Live webcams


#01 Rainbow


#02 Japanese Crowned Eagle


#52 Yellow Chested Imperial Finch

(Breeding pair)


#61 Tomaya's Flowerpecker


#78 Ryukyu Flycatcher


#74 Lesser Black Munia


#87 Night Snakehead, on loan from

The Laboratory Of Ichthyology, Tokyo


#83 Iwasaki's Coral Snake


#145 Orange-whiskered bat














































































All images by the ICZ



The Ark Project


The Ark Project is an initiative by the Institute of Critical Zoologists, the Veterinary Acupuncture Center in Beijing, the Japan Laboratory of Endangered Species and the Biostatsis Institute in Fukuoka.

The project's mission is to help save endangered animals from extinction. It does this by extending the lifespan of the thousands of animals that are expected to disappear within the next few years.

The process used is called Acusis, which uses acupuncture to induce biostatsis in an animal for prolonged periods of hibernation. By applying needles on the animals' pressure points, Acusis introduces a state of torpor and decreased physiological activity in the creatures. The animals are kept at temperatures of 2 to -4 degrees in specially designed hibernators. In this state, animals survive at extremely low temperatures at a extremely low level of metabolism.

Endangered animals are chosen to undergo Acusis at their reproductive age. They are kept alive in a state of physiological dormancy for five years before they are revived again to reproduce with another revived animal. The animals reproduce for a maximum of one year (longer if gestation period requires) before Acusis is performed on them again.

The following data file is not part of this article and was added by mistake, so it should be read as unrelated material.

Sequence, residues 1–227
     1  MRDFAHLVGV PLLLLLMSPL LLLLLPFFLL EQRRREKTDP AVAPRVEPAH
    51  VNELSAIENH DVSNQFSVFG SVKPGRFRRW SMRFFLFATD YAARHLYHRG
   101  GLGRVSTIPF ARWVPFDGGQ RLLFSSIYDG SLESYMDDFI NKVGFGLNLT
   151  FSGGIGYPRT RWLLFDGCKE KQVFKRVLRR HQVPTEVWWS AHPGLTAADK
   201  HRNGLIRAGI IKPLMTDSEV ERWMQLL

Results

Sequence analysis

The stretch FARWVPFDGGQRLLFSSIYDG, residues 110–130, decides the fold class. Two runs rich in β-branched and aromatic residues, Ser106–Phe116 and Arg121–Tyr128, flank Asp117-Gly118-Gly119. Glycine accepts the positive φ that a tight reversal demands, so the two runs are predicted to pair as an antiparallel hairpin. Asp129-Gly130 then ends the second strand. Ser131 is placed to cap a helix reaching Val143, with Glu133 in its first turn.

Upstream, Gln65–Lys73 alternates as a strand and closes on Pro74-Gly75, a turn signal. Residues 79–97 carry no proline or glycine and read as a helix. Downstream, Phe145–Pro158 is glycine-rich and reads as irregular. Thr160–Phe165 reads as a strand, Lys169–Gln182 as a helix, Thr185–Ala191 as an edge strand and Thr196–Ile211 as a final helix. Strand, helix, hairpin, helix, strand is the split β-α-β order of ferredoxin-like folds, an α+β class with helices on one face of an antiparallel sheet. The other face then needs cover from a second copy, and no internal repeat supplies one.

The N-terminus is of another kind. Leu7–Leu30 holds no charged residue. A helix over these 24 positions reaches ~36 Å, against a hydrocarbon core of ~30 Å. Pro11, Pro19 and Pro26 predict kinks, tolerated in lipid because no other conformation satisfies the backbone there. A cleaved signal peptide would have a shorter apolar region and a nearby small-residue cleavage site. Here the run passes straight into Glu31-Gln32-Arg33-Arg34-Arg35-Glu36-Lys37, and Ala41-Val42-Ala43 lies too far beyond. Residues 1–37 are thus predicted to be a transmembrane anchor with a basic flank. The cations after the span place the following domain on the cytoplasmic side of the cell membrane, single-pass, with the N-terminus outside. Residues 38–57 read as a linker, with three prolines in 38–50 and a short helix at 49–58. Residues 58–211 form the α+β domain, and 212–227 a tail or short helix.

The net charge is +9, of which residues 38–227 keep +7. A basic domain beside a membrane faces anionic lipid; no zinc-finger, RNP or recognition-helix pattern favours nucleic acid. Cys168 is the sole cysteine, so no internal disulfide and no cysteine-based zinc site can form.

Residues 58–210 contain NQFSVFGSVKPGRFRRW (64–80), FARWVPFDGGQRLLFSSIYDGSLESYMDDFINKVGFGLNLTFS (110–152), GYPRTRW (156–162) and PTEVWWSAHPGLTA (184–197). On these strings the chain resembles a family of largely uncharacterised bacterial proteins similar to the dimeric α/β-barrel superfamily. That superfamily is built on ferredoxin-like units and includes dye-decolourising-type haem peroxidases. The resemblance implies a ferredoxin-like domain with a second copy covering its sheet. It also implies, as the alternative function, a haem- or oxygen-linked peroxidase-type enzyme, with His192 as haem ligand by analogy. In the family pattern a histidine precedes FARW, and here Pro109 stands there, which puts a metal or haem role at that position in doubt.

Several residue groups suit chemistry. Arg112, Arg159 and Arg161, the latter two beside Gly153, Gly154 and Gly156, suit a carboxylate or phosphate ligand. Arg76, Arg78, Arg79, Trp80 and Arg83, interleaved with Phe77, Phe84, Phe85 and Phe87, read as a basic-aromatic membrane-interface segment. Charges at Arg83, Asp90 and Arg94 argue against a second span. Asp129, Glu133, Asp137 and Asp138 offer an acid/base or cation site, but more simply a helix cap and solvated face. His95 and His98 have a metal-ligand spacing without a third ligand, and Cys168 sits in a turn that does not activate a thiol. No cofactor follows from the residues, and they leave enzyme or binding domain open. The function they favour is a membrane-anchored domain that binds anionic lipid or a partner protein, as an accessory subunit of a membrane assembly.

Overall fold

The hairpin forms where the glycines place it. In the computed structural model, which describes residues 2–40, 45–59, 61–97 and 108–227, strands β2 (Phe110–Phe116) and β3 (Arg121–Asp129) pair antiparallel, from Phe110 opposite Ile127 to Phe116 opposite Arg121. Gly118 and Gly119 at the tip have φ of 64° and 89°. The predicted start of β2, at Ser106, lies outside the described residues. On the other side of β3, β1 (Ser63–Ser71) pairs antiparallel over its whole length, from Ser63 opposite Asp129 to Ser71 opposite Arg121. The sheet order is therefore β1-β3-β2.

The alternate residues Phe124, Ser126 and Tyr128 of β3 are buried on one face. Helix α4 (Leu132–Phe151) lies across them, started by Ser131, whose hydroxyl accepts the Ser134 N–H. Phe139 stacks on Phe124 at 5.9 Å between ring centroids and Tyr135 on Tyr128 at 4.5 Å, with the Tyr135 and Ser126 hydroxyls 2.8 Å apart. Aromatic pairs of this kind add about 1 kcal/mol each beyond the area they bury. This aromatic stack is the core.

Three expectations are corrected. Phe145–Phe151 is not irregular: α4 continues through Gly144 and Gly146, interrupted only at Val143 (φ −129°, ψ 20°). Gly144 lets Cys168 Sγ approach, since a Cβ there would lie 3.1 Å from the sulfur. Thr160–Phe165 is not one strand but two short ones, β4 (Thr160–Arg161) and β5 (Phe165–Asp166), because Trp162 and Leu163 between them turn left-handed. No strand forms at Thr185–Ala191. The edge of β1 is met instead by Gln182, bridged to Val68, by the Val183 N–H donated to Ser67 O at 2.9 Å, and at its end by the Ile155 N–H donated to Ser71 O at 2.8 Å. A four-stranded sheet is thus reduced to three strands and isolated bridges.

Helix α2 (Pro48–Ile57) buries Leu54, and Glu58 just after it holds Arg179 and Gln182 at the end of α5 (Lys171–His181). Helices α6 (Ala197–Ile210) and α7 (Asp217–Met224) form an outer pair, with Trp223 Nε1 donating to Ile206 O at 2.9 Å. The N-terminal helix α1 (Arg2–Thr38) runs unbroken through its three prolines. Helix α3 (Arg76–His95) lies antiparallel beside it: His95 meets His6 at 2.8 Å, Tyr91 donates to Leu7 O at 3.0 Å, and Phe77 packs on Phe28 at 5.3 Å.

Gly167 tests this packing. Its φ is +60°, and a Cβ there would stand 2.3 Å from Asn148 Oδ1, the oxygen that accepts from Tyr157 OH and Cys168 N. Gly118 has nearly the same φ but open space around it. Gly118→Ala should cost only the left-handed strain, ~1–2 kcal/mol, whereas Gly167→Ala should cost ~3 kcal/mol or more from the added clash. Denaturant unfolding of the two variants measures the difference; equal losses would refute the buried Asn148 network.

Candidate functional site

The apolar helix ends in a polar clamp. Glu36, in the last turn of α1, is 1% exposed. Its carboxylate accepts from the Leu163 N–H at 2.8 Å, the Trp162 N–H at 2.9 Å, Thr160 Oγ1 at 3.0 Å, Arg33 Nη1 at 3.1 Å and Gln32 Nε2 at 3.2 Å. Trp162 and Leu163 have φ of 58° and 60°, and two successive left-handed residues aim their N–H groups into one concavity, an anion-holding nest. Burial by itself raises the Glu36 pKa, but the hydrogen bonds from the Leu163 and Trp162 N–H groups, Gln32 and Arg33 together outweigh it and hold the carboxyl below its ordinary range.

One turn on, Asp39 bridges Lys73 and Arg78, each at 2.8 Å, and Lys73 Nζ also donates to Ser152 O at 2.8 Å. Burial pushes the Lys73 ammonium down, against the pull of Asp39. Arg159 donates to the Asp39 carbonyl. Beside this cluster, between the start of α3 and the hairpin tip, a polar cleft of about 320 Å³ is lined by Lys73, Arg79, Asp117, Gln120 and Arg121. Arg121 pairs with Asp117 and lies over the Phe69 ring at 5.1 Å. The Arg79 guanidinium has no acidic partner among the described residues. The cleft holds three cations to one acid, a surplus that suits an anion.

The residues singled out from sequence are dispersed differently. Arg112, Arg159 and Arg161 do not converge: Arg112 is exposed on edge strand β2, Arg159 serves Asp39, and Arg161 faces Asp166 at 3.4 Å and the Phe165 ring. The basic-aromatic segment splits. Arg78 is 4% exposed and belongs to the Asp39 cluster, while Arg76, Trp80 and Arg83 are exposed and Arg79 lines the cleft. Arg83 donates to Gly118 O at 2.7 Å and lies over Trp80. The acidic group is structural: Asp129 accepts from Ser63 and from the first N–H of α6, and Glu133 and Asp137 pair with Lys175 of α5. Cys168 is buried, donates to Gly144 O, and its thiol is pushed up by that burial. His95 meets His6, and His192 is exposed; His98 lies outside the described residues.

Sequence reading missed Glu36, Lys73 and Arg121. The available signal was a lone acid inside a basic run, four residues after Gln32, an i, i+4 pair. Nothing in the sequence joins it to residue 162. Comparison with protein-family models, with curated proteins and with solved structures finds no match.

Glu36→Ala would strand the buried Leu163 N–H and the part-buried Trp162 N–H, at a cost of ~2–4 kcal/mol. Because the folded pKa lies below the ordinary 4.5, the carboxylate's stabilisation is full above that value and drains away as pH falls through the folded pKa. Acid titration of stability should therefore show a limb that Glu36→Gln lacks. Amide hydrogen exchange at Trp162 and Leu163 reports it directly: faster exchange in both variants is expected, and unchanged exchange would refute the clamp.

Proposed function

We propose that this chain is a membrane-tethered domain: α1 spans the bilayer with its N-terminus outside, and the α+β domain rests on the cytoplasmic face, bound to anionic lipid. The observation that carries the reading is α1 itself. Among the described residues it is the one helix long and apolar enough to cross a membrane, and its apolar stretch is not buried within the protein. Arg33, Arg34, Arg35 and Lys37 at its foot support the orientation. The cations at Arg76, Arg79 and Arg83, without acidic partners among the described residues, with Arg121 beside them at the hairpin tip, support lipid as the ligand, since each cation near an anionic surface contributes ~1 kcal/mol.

One of the first successful experiments of Acusis is a rainbow trout, which is revived every 5 years to reproduce for a month. So far, 'Rainbow' has been revived twice and is due to be awaken again in 2013. Because the core of the research was based upon an earlier version of fish acupuncture, Acusis has also succeeded in allowing fishes to live up to 5 years out of water. The special hibernation tanks for fish species are kept extremely moist with a special forest stream recipe.

We have also successfully introduced this method of preservation on birds, snakes and bats. Acusis provides a more realistic and reliable ex-situ conservation method for animals, keeping in mind ex-situ conservation relies on the successful recreation and preservation of the habitat as a whole.

It is not the hope of the institute for a species to solely exist by Acusis in the future.




Note : The webcams are streamed live from the laboratory, please be patient while it loads.

The webcams are linked directly to several other websites which supports the project, the connection varies and depends on your connection speed. As much as we try to make these webcams accessible to everyone, we apologize if for any reason they do not appear to load in your browser.

Revival of ryukyu The Ryukyu Flycatcher, Revival stage of Acusis, 2003. Institute of Critical Zoologists.


Copyright 2008, Institute of Critical Zoologists